Sony has revealed that the Playstation 4 will not support MP3s, allow CD playback or play media stored on external drives. It will also no longer provide DLNA services, which leads to a tricky situation for many consumers.
It’s true that a large portion of PS3 owners chose the Sony product for its robust media centre capabilities. The Playstation 3 was bundled with many Sony TVs for a time and this tactic certainly paid off when it came to install base. Consumers and the tech savvy alike love the PS3 for its media server compatibilities and free access to online streaming services (PS+ is not required).
What isn’t true, however, is the idea that Sony is moving away from media. They’re not. They’re just moving closer to Sony’s media.
This may sound like semantics, but this is a far more concerning state of affairs where consumer freedom is concerned than Sony simply not allowing you to play whatever you like.
If they simply did not feature media playback capabilities they’d be returning the PS4 to the days of the Super Nintendo, ignoring media altogether and making a pure gaming machine. Nintendo has proven four generations in a row that doesn’t work and Sony isn’t stupid; they haven’t done that at all.
Calling out Sony as an organisation that is moving away from media is a complete misunderstanding of the situation and removes all discussion of the real issue: they want to lock you in. They want you embedded, as iTunes has consumers embedded. If you want to use streaming or digital delivery services, you’d better be damn sure it’s Sony’s streaming or digital delivery service.
That’s just one aspect of the move. The other is locking pirates out. You see the problem the Sony Playstation 4 faces is that there is a good chance that the pirated movie or MP3 you want to play is property of Sony too.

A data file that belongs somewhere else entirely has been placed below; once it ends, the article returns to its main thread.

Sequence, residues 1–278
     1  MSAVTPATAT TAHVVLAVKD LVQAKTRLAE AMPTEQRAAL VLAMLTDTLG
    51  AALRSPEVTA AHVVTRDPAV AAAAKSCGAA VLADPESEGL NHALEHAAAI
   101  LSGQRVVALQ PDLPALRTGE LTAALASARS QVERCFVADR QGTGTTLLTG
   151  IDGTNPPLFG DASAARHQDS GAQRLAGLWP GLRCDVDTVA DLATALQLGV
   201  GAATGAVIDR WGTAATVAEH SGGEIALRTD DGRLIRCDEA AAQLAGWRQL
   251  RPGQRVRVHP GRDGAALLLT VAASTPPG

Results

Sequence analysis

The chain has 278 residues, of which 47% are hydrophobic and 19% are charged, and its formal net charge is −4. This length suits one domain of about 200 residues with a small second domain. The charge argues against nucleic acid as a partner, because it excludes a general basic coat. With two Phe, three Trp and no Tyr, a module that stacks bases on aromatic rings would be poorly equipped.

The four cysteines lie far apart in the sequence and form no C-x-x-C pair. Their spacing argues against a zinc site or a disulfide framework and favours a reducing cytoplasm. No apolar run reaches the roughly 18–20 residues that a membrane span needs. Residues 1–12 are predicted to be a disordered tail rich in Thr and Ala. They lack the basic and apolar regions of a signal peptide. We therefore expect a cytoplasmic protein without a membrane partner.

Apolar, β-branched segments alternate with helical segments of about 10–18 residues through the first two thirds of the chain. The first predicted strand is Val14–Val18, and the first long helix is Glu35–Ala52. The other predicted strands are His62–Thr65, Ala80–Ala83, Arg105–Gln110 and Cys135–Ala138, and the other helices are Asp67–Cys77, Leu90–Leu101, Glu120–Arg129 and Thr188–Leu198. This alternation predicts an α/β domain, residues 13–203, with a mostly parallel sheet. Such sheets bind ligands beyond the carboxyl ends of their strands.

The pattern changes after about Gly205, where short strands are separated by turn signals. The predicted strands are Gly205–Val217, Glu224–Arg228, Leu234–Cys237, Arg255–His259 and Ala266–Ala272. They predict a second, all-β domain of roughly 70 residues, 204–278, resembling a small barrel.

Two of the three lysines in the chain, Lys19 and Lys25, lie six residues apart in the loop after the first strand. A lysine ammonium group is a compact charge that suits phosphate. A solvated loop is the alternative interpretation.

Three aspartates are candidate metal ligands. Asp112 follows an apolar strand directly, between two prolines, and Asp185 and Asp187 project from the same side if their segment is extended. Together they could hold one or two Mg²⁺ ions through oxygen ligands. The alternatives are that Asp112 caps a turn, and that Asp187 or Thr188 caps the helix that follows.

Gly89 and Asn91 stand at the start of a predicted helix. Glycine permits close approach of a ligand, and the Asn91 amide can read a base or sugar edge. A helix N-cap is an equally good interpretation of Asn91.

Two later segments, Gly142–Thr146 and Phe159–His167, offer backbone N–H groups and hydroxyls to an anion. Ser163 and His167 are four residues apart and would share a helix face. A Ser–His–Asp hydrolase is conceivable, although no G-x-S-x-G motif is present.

Protecting its film production and music publishing business is not new to Sony’s design of Playstation products. The PS3 isn’t exactly friendly when it comes to playing .mkv files and it is the only current generation console with High-Bandwidth Digital Content Protection (HDCP) built-in.
HDCP means no HDMI signal can be captured from the PS3 (and PS4), preventing the device from becoming the world’s simplest BluRay ripping machine, plugging what is colloquially known as the analog hole. The side-effect is no HDMI gaming capture either. Feel free to capture up to 1080i through component cables, but not your 1080p HDMI cable.
Preventing users from using systems outside the Sony ecosystem is symptomatic of a corporation that has to co-ordinate content protection with device production.
Microsoft unquestionably failed to establish the Xbox 360 as a dominant media server and centre, but with the Xbox One it doesn’t suffer from the same issue. It has the media capabilities on-board the device and, more importantly, lacks the content ownership. This is a similar situation to Samsung’s rise in the Television space – because it wasn’t shackled to content ownership, it was able to add broad support for media formats with its Smart TV features, something Sony didn’t do.
Like Samsung, Microsoft doesn’t have to protect an interest it doesn’t have, hence the focus on media and multi-tasking with Xbox One. Also like Samsung, it is introducing its own media distribution channels, but isn’t shackled at a corporate level by extensive media production assets.
It becomes clearer and clearer that, as the gaming press were almost universally swept off their feet at E3 they were victims of a brilliant sleight of hand. On the surface Sony delivered a gamer-centric device everyone desired, but at the same time they drew everyone’s attention away from the removal of features that historically made Sony central to our daily media consumption.